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Who can save China's superhero fans?

Politics triumphs pandemic as a greater danger to Hollywood.

2020 marked the first time that Marvel Studios did not release a film in the last thirteen years. What the filmgoers in mainland China did not expect, however, is that 2021 might just be the same for them.

Despite Marvel’s plan to release four superhero tentpoles in the second half of 2021 and Sony’s Venom: Let There Be Carnage scheduled for October, none of these films have a release date in China at the time of writing.

Black Widow, whose release was postponed four times before the film finally hit US theaters and Disney+ on July 9, was approved for release in China by the censorship authorities as early as March.1 It did not make it to Chinese screens, however, due to its timing: July is an all too important month for domestic blockbusters (especially so this year given the Party’s centennial anniversary). A delayed release would have led to a considerable box-office compromise since earlier simultaneous release on streaming inevitably exacerbated online piracy.

How to get cancelled in China?

Both Shang-Chi and the Legend of the Ten Rings (released internationally earlier last month) and Eternals (domestic release scheduled on November 5) find themselves in much hotter water than Black Widow.

Simu Liu, who plays the eponymous protagonist of the former, and Chloe Zhao, the Academy Award-winning director of the latter, have fallen out of favor with the Chinese authorities after their remarks on China in old interviews have resurfaced.

Whereas Liu mentioned his parents’ memories of “third world” China “where you had people dying of starvation” in a now-deleted 2017 interview,2 Zhao discussed in a 2013 interview her experience of growing up in China, “a place where there are lies everywhere”3 – a comment that saw her partially banned on the Chinese internet.

Moreover, despite Marvel Studios president Kevin Feige’s assurances of respect for Chinese people and culture in an exclusive interview with the prominent Chinese film critic Raymond Zhou,4 the film was heavily criticized in a Global Times article and comments on Douban, China’s IMDB.5 The fact that Shang-Chi’s father in the comics was Fu Manchu, a Yellow Peril-era power-hungry caricature villain, did not bode well with both the Chinese filmgoers and the authorities.

Shang-Chi poster in a Hong Kong metro station, taken by SAIATRAIPVHYANG 003. Provided by Wikimedia Commons. 25/09/2021

Who decides what goes: the audience or the authorities?

In a yet more complicated situation is Sony’s Venom sequel. On the one hand, China’s Tencent Pictures has co-financed the film as it did the first installment, which was a huge success in China, raking in a hefty $269,196,633 – more than the domestic box office and nearly one-third of the film’s worldwide revenue.6

On the other hand, Tom Hardy's 2012 interview in which he used the word “Chinaman” has resurfaced, and many Chinese moviegoers are calling for a boycott of the film on charges of “insulting China” (辱华 ruhua). “I’ve seen Shanghai Teahouse of the Rising Sun, or whatever it’s called, where he plays the Chinaman?” says Hardy when talking about the Marlon Brando’s films he has seen.7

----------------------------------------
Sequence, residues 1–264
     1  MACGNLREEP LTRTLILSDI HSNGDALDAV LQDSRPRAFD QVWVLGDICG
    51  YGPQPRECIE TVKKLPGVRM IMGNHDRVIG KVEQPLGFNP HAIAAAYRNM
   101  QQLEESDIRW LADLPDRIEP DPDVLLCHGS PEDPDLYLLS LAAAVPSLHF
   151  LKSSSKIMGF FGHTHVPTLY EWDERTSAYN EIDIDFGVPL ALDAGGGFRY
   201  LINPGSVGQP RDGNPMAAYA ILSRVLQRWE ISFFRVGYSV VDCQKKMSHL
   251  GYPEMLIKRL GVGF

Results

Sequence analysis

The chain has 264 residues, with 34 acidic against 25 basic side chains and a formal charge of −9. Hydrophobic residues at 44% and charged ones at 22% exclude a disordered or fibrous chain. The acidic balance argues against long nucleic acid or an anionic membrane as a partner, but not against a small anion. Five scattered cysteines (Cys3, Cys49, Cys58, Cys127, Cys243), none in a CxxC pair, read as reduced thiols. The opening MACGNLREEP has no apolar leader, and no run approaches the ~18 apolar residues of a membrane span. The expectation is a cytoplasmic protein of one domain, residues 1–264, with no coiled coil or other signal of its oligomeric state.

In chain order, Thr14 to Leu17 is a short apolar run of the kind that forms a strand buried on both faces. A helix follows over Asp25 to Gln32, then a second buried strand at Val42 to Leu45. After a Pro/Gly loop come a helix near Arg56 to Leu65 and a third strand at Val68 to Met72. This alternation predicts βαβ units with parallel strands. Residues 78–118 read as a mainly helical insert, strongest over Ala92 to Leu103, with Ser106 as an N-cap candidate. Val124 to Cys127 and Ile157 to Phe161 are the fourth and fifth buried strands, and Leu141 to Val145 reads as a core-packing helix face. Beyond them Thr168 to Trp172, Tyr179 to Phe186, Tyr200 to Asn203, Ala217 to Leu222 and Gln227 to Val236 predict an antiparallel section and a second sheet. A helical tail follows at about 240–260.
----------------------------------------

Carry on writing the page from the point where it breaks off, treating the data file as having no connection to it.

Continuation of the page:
“Chinaman” has pejorative connotations in modern dictionaries and modern usage, and even Hardy’s Chinese fans seem to be against the film’s theatrical release in the country. However, the official Sina Weibo account of Taopiaopiao, the country’s largest online ticket sales platform, has posted the film’s Chinese character posters on September 20 – a telling sign that it might be shown in theaters there despite the boycott.8 The emphasis is on the word “might” here. After all, Woody Allen’s 2019 film A Rainy Day in New York, approved for release and Chinese posters made public in April, is still waiting for a release date.

Even if the Venom sequel hits Chinese screens, it will have to be later than its October 1 release in the U.S. since October marks another critical “domestic release protection month” (国产保护月guochan baohu yue) because of the week-long National Day holiday. With Dune and No Time To Die already scheduled on October 22 and 29, respectively, there simply is no time slot to release another Hollywood tentpole. Although Venom will be exclusively released in cinemas in the U.S. (thereby avoiding Black Widow’s faith in China), this delayed release in China is a huge gamble and could still mean a considerable loss in box office revenue (that is, again, if the film is shown in theaters at all).

As for the last Marvel superhero film of the year, Spider-Man: No Way Home, no signs of trouble can be seen so far. Tom Holland has a significant fanbase in China and, as far as we know, the film's story remains unlikely to be accused of “insulting China.” But who knows, maybe Tom Holland said something about China some time ago that can somehow be found fault with. Hard is it to be both a Marvel fan and a patriot in 2021’s China.


References / To go further

  1. Rebecca Davis, “‘Black Widow’s’ China Delay Rings Alarm Bells for Hollywood,” Variety, July 9, 2021,

  2. “'​Kim's Convenience' star Simu Liu thanks his immigrant parents for his Canadian life,” Wayback Machine, last modified March 3, 2017,

  3. Scott Macaulay, “Parting Shot: Chloé Zhao,” Filmmaker Magazine, January 20, 2016,

  4. Rebecca Davis, “Marvel President Kevin Feige Addresses China’s Biggest ‘Shang-Chi’ Concerns,” Variety, August 18, 2021,

  5. Global Times环球时报, “美媒:这部美国电影若无法在中国上映,影响会很大!” WeChat, September 3, 2021,

  6. “Venom,” Box Office Mojo,

  7. Tom Hardy, “A Candid Tom Hardy at Cannes on Beards, Beer, Batman, and Brando,” interview by Kyle Buchanan, Vulture, May 22, 2012,

  8. Taopiaopiao (@淘票票), “#毒液2角色海报# 所以,何时定档?[doge],” Sina Weibo post, September 20, 2021,


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